English is a funny language, full of idiom that probably made sense at the time but remain in the language long past the point that the common meaning easily comes to mind. The construction industry has its fair share of these interesting expressions and funny construction sayings, but we often forget their everyday meanings. Here's a quick look at some common construction expressions and funny electricity sayings.
Funny Electrical and Construction Expressions
: One of my granddad's favorite, this referred to something that was not level, square or plumb, or some combination of the three. Later in life, he used it to refer to anything that wasn't quite right, whether it was a beef cow that wasn't looking right or how a politician represented himself.
: An old, commonly repeated saying or expression. This may have come from the idea that a commonly known and said expression would have sounded like an old saw, or a steady, repetitive noise, when it was being quoted.
Get a Charge Out of Something:
When electricity was still in its pioneering days, it was used in a number of different ways, including charging batteries. To get a charge out of something suggests that it provides energy, such as the power that goes into a battery during charging.
Hard or Tough as Nails:
Nails were developed to take the place of wood pegs and similar fasteners as they provided superior strength in a smaller area. To be as hard as nails suggests determination or refusal to bend on an issue while tough as nails suggests an unwillingness to stop when others would have done so.
You Can't Make Bricks Without Straw:
Though this doesn't tie in with today's modern production of bricks, straw was originally incorporated to tie the entire matrix together, much like rebar or mesh in concrete.
Get a Foot in the Door:
When salesmen would still go door to door, they probably had a number of doors slammed in their faces. To stick a foot in the door before it closed represented a better chance at an opportunity for a sale, hence the phrase being used to suggest an advantage at gaining an opportunity.
Hit the Nail on the Head:
Commonly used to denote the accuracy of a statement, hitting the nail on the head suggests hitting the mark or intended target, whether in construction or a statement.
Down the Drain:
When a particular project or task is failing, it's often referred to as going down the drain, to denote that the failure will kill the project.
Shed Some Light:
Before electric lights were the norm, light was provided by portable candles or lamps. These light sources were usually used for portable task lighting, so shedding some light or illuminating an issue has to do with moving the task light to where it was needed for the job at hand.
Lay the Groundwork:
A building is almost always started by preparing the foundation or groundwork to ensure the rest of the project will have a solid start. Therefore laying the groundwork became a common expression for creating a solid base for a project.
Pick and Shovel Work:
This expression could have come out of either mining or excavation work. Typically, pick and shovel work was monotonous, repetitive work that was involved in great earthmoving projects when a structure's foundation was getting ready to be put down.
When electricity was being pioneered, the spark produced from static or electromagnetic electricity tended to be much brighter than candle or lamp light. Therefore to spark someone's interest suggested a stronger attention to that aspect than would otherwise be common.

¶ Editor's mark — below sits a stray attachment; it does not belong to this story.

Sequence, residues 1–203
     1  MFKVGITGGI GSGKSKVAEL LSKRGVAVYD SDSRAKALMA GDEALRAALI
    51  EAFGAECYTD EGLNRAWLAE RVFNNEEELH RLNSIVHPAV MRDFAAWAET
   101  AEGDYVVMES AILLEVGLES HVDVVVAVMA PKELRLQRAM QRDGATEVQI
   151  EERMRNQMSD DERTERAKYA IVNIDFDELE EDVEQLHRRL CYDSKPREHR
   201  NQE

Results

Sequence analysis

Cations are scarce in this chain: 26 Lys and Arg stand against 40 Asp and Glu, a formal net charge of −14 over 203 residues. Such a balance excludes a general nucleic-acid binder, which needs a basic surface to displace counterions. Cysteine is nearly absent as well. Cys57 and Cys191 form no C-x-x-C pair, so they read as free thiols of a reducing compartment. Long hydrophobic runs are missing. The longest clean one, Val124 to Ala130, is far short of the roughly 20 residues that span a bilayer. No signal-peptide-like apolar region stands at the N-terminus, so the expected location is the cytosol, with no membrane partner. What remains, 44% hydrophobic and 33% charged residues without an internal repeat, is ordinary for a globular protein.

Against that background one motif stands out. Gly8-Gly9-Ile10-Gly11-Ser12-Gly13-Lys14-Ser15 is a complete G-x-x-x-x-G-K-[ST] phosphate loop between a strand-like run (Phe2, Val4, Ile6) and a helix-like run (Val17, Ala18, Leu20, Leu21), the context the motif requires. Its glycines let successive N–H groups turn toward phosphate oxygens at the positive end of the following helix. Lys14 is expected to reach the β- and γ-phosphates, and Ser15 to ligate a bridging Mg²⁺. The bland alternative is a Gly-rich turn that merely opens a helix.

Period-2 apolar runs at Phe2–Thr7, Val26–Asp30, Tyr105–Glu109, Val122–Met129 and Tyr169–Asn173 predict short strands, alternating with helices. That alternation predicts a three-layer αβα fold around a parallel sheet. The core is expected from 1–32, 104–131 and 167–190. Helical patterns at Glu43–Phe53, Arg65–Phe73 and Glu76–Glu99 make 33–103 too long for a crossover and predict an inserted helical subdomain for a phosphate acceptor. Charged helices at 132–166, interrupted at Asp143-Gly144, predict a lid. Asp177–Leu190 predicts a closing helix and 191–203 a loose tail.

Set in Concrete:
When concrete sets up, it's virtually impossible to remove something from it, so when something is set in concrete, it means it's unchangeable.
Smoke Like a Chimney:
Though combustion science and engineering has come a long way over the centuries, the original chimneys would produce extensive smoke from poor combustion, damp fuel and similar issues, so someone who smokes tobacco extensively is said to smoke like a chimney.
When buildings were excavated, smaller or poor quality stones were often removed and then turned into walls elsewhere on the property. Because they were dense and difficult to tear down, to stonewall a person or project became known as a way to stop it or prevent progress.
Like a Ton of Bricks:
Bricks are, well, rather dense. They weigh much more than they appear to when you're used to working with wood and lighter weight material. Therefore the expression came about to be hit “like a ton of bricks” to suggest being hit hard and solidly, whether physically or metaphorically.
Blow a Fuse:
Fuses used to be much more common in electrical panels. Much as putting too high a load on a circuit will now trip a breaker, fuses would heat up and melt the wire that completed the circuit, which is why it's used to refer to someone who gets angry or upset over having too heavy a load emotionally.
Paper Over the Cracks:
Going back to when buildings used traditional lime plasters, cracks would appear when poor construction caused cracking. Wallpaper was put over the cracked walls to improve the appearance without fixing the root of the problem, hence the saying that refers to covering over poor quality or problems.
Nuts and Bolts:
When builders did their own machine maintenance, keeping track of all the parts was vital, so nuts and bolts was an expression to denote the important parts of a deal.
Much as old expressions stay in the industry, old practices are also held onto, often well beyond the point that they are practical. Digitization is a new way of doing things and it's upsetting the market share of the traditional construction business. Esticom's electrical estimation
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